Background & aims: Sarcopenia in gastrointestinal cancer has been associated with poor clinical outcome after surgery. The effect of low muscle mass on the inflammatory response to surgery has not been investigated, however skeletal muscle wasting in the context of cachexia is associated with a hyper inflammatory state at baseline. Knowledge on this matter can provide new insight into the detrimental effects of sarcopenia on postoperative recovery, possibly leading to novel therapeutic strategies. The aim of this study was to evaluate whether low muscle mass is associated with increased inflammation after resection of colorectal malignancies. Methods: Eighty-seven consecutive patients undergoing elective resection of a primary colorectal tumor were enrolled. Muscle mass was assessed on routine preoperative computed tomography (CT) scans using image analysis by Osirix (R) by measuring skeletal muscle at the third lumbar vertebra (13) level. The effect of muscle mass on pre- and postoperative plasma concentrations of C-reactive protein (CRP), calprotectin and interleukin-6 (IL-6) was analyzed. Clinical outcome was assessed by HARM (HospitAl stay, Readmission, and Mortality) scores. Results: Skeletal muscle mass was not predictive of plasma concentrations of CRP and IL-6. However, low skeletal muscle mass was significantly predictive of high plasma concentrations of calprotectin on postoperative days (POD) 2 through 5, reaching highest significance on POD4 (regression beta, -6.06; 95% confidence interval, -10.45 to -1.68; p = 0.007). Conclusions: Low muscle mass in patients undergoing surgery for colorectal cancer was associated with an increased postoperative inflammatory response. This may be at least part of the explanation for the high incidence of postoperative complications in sarcopenic patients.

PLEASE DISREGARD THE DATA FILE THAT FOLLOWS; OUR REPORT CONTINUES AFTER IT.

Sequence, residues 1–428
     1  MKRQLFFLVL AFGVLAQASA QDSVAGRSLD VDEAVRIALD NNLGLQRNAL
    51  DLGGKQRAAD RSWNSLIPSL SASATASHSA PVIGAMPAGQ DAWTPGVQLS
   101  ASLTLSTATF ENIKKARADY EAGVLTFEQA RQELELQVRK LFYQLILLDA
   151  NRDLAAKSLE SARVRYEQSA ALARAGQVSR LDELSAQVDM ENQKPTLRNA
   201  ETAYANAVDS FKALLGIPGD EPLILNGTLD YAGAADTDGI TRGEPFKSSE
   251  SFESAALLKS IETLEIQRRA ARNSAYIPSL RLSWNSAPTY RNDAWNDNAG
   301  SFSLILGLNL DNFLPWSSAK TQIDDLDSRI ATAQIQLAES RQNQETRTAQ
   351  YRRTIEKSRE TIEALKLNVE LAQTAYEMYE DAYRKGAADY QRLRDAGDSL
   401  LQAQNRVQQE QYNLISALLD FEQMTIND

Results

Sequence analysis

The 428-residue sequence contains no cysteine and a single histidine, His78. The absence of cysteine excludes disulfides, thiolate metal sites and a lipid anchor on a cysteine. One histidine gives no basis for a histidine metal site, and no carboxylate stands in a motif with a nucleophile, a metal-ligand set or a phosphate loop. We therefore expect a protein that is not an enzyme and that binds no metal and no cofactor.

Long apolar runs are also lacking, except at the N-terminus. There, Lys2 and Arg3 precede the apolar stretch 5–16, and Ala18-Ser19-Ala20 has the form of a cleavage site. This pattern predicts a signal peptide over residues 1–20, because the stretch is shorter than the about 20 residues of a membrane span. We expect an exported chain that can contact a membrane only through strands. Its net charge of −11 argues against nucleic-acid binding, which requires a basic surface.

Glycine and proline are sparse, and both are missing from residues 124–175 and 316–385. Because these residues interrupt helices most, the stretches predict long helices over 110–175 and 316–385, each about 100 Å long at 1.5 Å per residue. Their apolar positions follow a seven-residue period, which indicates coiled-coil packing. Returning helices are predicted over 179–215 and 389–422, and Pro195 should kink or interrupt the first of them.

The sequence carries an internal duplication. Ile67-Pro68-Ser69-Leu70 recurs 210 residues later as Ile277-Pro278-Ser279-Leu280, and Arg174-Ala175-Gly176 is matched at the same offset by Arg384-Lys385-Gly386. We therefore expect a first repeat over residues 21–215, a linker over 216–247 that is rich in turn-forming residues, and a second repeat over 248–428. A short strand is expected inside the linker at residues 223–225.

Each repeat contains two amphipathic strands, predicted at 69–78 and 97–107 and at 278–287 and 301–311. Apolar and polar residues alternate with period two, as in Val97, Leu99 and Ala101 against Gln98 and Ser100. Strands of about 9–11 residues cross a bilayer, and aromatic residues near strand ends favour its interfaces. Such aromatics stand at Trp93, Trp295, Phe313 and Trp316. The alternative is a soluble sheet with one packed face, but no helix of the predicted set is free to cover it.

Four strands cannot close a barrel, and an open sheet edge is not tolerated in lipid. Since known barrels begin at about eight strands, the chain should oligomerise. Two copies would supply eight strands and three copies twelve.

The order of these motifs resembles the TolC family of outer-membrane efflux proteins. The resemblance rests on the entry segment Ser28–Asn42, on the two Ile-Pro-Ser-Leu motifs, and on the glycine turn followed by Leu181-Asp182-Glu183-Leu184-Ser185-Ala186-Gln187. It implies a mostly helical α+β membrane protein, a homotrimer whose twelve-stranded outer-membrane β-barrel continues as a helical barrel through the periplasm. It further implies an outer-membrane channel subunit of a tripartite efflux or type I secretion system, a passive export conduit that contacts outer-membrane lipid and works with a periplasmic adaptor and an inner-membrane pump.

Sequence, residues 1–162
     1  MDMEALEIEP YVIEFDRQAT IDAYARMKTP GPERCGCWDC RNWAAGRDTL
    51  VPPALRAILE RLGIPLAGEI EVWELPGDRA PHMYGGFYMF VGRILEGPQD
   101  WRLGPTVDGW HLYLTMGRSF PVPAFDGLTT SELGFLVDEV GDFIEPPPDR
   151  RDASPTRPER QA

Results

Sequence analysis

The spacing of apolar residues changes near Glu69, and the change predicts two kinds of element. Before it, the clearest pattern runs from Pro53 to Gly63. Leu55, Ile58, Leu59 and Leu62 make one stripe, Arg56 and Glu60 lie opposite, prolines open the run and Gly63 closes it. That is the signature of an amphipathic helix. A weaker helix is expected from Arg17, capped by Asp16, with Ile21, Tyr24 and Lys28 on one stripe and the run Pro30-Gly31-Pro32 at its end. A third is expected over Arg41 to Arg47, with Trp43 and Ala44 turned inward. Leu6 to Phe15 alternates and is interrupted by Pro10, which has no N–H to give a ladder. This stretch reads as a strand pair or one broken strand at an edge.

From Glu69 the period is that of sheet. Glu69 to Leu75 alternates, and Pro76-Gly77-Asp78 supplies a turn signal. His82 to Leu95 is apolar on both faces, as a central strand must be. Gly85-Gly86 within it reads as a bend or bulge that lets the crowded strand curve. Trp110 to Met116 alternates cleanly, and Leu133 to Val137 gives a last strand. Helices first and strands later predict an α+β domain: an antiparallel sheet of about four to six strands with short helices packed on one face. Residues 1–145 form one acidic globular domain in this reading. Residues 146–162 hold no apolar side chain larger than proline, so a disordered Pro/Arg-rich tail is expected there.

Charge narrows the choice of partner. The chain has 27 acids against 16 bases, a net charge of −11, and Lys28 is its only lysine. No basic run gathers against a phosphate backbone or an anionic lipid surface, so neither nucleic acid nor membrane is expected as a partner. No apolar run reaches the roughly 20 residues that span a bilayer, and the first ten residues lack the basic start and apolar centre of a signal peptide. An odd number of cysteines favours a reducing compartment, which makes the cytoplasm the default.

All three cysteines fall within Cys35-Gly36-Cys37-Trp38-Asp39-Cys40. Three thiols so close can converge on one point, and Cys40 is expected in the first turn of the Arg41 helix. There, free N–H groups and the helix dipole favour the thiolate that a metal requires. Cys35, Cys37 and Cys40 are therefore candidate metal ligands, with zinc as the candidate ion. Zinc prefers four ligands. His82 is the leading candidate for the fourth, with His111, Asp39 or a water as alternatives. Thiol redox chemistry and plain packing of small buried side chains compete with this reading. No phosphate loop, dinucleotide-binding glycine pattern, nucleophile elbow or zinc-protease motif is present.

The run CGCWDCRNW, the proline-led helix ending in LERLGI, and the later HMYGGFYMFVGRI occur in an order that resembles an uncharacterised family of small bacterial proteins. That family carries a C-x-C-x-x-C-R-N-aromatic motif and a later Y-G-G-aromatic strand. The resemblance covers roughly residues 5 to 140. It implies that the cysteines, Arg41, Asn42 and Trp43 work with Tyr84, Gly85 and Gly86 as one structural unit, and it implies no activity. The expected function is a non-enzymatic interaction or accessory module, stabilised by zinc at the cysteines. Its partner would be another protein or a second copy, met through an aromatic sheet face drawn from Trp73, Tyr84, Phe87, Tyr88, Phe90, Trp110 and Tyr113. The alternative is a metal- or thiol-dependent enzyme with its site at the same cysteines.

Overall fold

- Colorectal surgery